I have a Ph.D. in Statistics & Methodology. I can help you collect high quality data and better understand the quality of the data you already have.
When training data are collected from human annotators, the design of the annotation instrument, the instructions given to annotators, the characteristics of the annotators, and their interactions can impact training data. This study demonstrates that design choices made when creating an annotation instrument also impact the models trained on the resulting annotations. We introduce the term annotation sensitivity to refer to the impact of annotation data collection methods on the annotations themselves and on downstream model performance and predictions. We collect annotations of hate speech and offensive language in five experimental conditions of an annotation instrument, randomly assigning annotators to conditions. We then fine-tune BERT models on each of the five resulting datasets and evaluate model performance on a holdout portion of each condition. We find considerable differences between the conditions for 1) the share of hate speech/offensive language annotations, 2) model performance, 3) model predictions, and 4) model learning curves. Our results emphasize the crucial role played by the annotation instrument which has received little attention in the machine learning literature. We call for additional research into how and why the instrument impacts the annotations to inform the development of best practices in instrument design.
Although often seen as a gold-standard, human labeled training data is not error free. Decisions in the design of labeling tasks can impact the resulting labeled data and impact predictions. Building on insights from survey methodology, a field that studies the impact of instrument design on survey data and estimates, we examine how the structure of a hate speech labeling task affects which labels are assigned. We also examine what effect task ordering has on the perception of hate speech and what role background characteristics of annotators have on classifications provided by annotators. The study demonstrates the im-portance of applying design thinking at the earliest steps of ML product development. Design principles such as quick prototyping and critically assessing user interfaces are not only important in interaction with end users of an artificial intelligence (AI)-driven products, but are crucial early in development, prior to training AI algorithms.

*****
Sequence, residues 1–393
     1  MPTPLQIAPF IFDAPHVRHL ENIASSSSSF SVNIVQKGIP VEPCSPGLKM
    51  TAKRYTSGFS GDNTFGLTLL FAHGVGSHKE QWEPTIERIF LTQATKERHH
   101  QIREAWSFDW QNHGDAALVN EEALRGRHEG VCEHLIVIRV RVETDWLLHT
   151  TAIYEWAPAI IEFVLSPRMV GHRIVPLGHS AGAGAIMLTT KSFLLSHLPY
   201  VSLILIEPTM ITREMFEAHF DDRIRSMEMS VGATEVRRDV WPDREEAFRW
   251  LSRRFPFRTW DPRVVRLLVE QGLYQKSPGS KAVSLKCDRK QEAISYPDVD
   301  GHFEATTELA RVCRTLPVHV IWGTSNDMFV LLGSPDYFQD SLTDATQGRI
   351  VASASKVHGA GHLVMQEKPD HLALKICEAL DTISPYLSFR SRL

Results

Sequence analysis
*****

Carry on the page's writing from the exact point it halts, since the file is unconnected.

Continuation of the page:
Administrative data are increasingly important in statistics, but, like other types of data, may contain measurement errors. To prevent such errors from invalidating analyses of scientific interest, it is therefore essential to estimate the extent of measurement errors in administrative data. Currently, however, most approaches to evaluate such errors involve either prohibitively expensive audits or comparison with a survey that is assumed perfect. We introduce the “generalized multitrait-multimethod” (GMTMM) model, which can be seen as a general framework for evaluating the quality of administrative and survey data simultaneously. This framework allows both survey and administrative data to contain random and systematic measurement errors. Moreover, it accommodates common features of administrative data such as discreteness, nonlinearity, and nonnormality, improving similar existing models. The use of the GMTMM model is demonstrated by application to linked survey-administrative data from the German Federal Employment Agency on income from of employment, and a simulation study evaluates the estimates obtained and their robustness to model misspecification. Supplementary materials for this article are available online.
Helping data scientists collect more accurate training data, decreasing the cost and time needed to train models
Alternative sampling approaches which do not depend on up-to-date census data or interviewer involvement
The incentives of those producing data impact the quality of the data